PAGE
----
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Choose a picture from our What's New collection for your Wall Art or Photo Gift. Popular choices include Framed Prints, Canvas Prints, Posters and Jigsaw Puzzles. All professionally made for quick delivery.

Bullecourt Featured Print


Looking east towards Riencourt les Cagnicourt
Designed as a diversionary attack whilst the British attacked Srras on 9th April 1917, it was intended to catch assumed German retreat eastwards from Arras.
62/Div W. Riding to attack west of Bullecourt and 4/Aus. Div to attack to east with tanks supporting both attacks. Maj.Gen White of 1/Anzac Corps wanted Queant to the east attacked as well as was concerned about enfilading German artillery fire: was assured that this artillery would be destroyed though attack delayed until 12th to enable this process.
Initial success at Arras encouraged Gough to bring attack forward to 0430 on 10th. PLan was for 12 tanks to advance without artillery barrage with troops behind. In event tanks got lost and attack postponed for 24 hrs. On 11th only three tanks arrived and none reached the objectives being attacked: however Australians advanced nonetheless and by 0700 had taken all their assigned positions.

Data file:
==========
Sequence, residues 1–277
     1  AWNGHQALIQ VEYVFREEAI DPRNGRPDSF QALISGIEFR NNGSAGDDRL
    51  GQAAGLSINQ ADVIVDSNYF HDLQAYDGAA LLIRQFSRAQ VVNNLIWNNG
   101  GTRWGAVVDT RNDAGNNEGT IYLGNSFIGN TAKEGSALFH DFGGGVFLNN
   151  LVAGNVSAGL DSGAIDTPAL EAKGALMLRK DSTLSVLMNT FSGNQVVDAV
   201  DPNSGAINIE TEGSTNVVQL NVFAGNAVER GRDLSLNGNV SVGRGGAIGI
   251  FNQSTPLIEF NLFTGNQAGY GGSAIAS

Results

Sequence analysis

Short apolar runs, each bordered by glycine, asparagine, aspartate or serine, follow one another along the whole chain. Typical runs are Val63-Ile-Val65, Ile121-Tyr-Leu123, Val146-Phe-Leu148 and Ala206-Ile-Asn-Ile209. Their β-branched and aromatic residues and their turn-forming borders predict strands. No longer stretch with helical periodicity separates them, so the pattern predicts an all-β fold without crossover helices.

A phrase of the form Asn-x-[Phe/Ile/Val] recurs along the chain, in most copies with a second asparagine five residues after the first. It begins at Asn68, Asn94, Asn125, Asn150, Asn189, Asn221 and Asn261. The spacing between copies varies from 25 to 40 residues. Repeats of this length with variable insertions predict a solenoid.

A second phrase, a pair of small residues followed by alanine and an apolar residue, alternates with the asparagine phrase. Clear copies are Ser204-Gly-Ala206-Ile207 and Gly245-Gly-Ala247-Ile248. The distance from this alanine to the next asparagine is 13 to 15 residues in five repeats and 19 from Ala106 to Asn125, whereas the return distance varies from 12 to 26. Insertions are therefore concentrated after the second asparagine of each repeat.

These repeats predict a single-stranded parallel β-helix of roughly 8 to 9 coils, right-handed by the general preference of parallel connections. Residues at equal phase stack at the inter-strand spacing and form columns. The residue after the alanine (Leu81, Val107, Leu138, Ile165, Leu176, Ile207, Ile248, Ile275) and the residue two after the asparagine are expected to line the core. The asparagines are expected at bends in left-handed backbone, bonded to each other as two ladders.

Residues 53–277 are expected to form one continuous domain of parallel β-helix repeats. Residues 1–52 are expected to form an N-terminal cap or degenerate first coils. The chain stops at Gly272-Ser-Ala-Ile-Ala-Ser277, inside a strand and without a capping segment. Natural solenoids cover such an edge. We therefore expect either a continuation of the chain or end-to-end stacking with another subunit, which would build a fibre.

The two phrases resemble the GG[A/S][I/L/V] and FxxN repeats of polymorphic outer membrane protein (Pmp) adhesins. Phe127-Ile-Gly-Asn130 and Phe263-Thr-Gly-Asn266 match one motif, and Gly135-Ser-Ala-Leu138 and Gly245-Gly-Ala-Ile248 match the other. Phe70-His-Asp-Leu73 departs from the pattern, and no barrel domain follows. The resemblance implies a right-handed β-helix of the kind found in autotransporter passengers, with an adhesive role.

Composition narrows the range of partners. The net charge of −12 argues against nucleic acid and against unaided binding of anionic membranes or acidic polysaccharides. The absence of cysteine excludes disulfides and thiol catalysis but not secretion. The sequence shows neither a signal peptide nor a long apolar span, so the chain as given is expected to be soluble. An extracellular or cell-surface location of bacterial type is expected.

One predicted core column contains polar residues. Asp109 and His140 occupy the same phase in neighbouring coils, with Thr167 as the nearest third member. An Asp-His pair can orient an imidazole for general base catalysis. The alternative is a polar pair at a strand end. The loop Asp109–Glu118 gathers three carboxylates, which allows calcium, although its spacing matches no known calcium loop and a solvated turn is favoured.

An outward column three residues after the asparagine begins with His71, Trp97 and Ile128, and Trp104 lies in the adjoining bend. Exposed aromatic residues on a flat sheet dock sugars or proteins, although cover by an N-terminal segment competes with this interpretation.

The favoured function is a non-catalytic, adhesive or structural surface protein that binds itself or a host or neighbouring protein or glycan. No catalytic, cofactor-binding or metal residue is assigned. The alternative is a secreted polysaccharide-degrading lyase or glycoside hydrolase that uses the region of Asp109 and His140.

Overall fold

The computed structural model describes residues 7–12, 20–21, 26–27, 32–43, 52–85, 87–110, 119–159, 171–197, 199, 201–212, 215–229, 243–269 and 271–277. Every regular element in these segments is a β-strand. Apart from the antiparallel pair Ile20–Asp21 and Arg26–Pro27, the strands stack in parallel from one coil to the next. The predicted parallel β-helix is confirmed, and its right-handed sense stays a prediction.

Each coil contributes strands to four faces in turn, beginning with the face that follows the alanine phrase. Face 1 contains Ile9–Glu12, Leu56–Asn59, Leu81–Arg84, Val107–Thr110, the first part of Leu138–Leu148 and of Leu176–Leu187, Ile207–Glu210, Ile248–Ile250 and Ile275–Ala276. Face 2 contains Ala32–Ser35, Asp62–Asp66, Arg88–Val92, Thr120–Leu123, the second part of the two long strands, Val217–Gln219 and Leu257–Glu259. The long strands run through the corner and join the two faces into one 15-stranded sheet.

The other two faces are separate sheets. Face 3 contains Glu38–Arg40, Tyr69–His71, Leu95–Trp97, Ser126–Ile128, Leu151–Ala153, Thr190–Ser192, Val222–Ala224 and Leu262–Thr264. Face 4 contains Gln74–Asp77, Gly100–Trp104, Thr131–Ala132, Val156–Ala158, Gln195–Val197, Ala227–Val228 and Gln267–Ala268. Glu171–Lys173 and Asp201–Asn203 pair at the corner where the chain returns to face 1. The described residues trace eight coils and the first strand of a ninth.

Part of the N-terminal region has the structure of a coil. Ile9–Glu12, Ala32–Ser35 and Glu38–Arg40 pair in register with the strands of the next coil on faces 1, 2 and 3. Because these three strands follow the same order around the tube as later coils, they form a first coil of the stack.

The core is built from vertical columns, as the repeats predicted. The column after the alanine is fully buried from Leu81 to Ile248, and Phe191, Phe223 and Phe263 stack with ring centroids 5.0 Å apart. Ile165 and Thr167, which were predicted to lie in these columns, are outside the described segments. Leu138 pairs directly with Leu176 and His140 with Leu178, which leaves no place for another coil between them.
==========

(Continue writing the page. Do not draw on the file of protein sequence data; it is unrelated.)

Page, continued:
1000 Germans counter-attacked and thrua

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Sgt. Alvin C York, Medal of Honour Featured Print

Sgt. Alvin C York, Medal of Honour

Sgt. Alvin York: Medal of Honour
On Oct 8th 1918 2/Batt 328/Infantry was ordered to attack west from Ch-Ch towards a railway which was suppling the German forces encircling elements of 308/Infantry of 77/Division - the 'Lost Battalion' - near Binarville.
Cpl. Alvin York managed to penetrate the German lines to the south of his units line of advance where he came under fire from a machine gun: York returned fire with his rifle and when charged by a group of Germans proceeded to shoot them with his.45 Colt automatic. In all he killed 21 men and then with the remnants of his squad took 132 Germans as prisoner and it was for this feat he received the Medal of Honour.
THis is the track along which York marched his 132 captives

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Les Eparges - St. Mihiel Featured Print

Les Eparges - St. Mihiel

Les Eparges: the 34 mine craters on the ridge of the Les Eparges make this one of the most intensely mined areas of the Western Front.
When the Saint-Mihiel Salient was formed in September 1914, just to the east of Les Eparges, was the ridge that marked the northwest border of the Salient.
The French attacked the ridge on 17th February 1915, but the Germans clung to the spouthern slopes and mining began. On 9th and 10th April 1915, Eighth Infantry Regiment took the eastern spur of Les Eparges known as Point X -GR 0691412 5438042. On 24th April 1915, the Germans attacked on from the west and finally took the village. The ridge itself was very heavily mined and there are some 34 craters in total.

© Mike St. Maur Sheil /